After we published an article about how to make emoji, Waldo B. started to wonder about the difference between emoticons and emoji. Here's the answer.
Two weeks ago, we had an article on the QuickAndDirtyTips website about emoji—those little cartoon images you can add to text messages and websites that support them—and then a reader named Waldo B. wrote in with a great question: What’s the difference between emoji and emoticons?
My first thought was that emoji are cartoon pictures and emoticons are made from symbols on your keyboard, such as the smiley face you make with a colon, a hyphen, and a parenthesis. :-)
But, it’s not so simple.
Some apps and services will convert popular emoticons to emoji when you type in the symbols, so you may type what I would think of as an emoticon and end up with an emoji.
Also, some sites say that emoticons (short for emotion + icons) were designed to specifically show emotion by representing a facial expression such as a smile or frown, whereas emoji include images of faces, but also many other things, such as pictures of food and animals that aren’t closely tied to emotion. But I keep thinking about a couple of common images people make with symbols such as a rose @}->-- or hugs ((())). Those don’t exactly show emotion, at least not through facial expressions, but they’re made with symbols the same way emoticons are. Can we still call them emoticons, or are they early precursors to emoji?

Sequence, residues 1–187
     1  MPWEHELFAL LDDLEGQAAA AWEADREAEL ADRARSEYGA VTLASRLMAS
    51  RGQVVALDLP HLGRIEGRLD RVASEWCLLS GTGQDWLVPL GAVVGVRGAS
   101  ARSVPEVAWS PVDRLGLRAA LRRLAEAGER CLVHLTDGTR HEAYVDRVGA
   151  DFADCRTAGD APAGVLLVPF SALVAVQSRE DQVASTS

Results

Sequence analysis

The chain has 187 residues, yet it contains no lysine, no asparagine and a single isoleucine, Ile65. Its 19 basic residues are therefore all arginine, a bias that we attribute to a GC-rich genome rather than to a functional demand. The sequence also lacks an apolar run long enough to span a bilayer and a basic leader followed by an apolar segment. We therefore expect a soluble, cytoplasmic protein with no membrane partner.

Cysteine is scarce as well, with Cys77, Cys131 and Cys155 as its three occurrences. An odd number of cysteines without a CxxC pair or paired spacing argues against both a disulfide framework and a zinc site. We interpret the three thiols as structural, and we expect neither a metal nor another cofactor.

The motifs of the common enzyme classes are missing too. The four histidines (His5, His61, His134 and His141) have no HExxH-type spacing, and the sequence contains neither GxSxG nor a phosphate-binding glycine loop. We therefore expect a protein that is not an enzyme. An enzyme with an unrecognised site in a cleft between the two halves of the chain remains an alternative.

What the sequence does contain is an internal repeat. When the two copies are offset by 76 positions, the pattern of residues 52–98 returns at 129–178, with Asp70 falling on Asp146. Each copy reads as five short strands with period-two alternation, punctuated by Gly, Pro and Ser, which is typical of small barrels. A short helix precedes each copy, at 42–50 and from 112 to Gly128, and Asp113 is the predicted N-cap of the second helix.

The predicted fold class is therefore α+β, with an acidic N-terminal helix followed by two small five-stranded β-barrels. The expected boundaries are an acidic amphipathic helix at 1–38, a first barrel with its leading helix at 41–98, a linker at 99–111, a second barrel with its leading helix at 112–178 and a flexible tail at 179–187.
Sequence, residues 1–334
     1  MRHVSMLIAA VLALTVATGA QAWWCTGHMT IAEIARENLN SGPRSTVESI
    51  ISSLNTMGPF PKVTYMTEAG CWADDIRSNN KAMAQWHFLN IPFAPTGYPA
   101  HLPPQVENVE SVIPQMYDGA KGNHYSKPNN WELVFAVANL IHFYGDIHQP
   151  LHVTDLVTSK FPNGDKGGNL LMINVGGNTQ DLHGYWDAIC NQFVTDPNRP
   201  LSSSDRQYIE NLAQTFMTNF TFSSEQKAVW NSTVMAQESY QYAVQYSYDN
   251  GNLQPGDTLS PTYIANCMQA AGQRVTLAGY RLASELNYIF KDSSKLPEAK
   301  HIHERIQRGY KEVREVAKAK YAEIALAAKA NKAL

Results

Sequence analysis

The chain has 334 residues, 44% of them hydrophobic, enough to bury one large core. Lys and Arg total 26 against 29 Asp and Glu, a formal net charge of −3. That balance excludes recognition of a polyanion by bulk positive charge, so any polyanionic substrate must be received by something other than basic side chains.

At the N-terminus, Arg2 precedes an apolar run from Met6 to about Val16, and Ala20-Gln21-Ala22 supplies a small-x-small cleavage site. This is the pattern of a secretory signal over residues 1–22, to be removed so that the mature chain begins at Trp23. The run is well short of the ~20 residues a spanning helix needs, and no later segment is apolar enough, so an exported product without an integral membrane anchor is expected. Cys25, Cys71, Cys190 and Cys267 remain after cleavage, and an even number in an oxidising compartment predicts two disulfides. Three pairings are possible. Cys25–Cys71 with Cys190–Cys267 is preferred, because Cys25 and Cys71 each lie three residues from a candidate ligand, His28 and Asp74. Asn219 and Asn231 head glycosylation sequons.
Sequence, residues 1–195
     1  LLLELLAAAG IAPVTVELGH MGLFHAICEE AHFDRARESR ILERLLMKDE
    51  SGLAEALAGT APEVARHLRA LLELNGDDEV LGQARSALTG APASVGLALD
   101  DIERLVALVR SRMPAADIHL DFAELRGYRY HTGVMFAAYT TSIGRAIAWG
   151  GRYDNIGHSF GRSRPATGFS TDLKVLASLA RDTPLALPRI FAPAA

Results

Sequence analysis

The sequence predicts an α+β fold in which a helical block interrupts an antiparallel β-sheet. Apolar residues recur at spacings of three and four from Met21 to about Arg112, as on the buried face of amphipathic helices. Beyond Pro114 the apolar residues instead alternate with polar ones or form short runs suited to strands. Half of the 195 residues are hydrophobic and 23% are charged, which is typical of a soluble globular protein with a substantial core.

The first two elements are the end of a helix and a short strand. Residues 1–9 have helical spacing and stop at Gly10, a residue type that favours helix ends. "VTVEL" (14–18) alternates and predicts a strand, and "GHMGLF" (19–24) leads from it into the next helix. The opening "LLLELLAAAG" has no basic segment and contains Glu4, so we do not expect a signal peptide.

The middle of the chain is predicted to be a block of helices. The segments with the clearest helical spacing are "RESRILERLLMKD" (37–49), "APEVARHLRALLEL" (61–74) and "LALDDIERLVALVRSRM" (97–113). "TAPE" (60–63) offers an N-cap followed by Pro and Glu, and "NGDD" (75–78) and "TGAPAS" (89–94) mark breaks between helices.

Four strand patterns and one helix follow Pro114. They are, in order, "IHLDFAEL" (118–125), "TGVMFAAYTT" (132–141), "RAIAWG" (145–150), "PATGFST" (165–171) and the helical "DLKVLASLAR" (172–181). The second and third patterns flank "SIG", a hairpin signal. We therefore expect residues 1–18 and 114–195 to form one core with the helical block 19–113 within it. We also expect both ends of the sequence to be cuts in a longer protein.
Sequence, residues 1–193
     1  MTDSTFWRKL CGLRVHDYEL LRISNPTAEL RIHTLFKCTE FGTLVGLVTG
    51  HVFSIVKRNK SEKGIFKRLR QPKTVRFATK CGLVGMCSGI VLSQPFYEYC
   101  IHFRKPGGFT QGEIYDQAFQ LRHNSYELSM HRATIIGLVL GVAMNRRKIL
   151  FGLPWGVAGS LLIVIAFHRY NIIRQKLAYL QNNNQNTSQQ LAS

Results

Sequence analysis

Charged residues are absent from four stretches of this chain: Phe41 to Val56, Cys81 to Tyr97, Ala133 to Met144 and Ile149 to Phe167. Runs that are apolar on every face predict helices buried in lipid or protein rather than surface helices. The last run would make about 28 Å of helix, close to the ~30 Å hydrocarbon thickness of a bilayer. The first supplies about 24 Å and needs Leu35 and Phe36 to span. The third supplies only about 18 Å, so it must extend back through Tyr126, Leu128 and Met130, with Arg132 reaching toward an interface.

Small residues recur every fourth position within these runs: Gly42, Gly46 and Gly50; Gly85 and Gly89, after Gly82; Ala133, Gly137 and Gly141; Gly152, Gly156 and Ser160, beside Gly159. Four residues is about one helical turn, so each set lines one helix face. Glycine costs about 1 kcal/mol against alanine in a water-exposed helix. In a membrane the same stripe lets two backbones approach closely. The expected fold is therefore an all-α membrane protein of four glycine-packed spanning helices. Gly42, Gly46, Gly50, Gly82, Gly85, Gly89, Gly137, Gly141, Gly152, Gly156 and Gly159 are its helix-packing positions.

What I can say for sure is that emoticons made from keyboard symbols came first, and emoji emerged later and first became popular on Japanese cell phone services. Scott Fahlman is credited with creating the first keyboard smiley face of the computer age at Carnegie Mellon University in 1982, and all the way back in 1881, Puck Magazine printed a short article showing emoticons made out of typographic symbols. They called it typographical art. On the other hand, the first set of 176 emoji, designed by Shigetaka Kurita for DoCoMo, went live in 1999.
Finally, there’s one little piece of research about emoticons that I have always found particularly delightful: While doing research at Stanford, Tyler Schnoebelen found that younger people are more likely to make emoticons without noses. He wrote:
Emoticons with noses are historically older . . . people who use old-fashioned noses also use a different vocabulary—nose users don't mention Bieber or omg.
It’s true! I use noses and I have never, ever tweeted about Justin Bieber.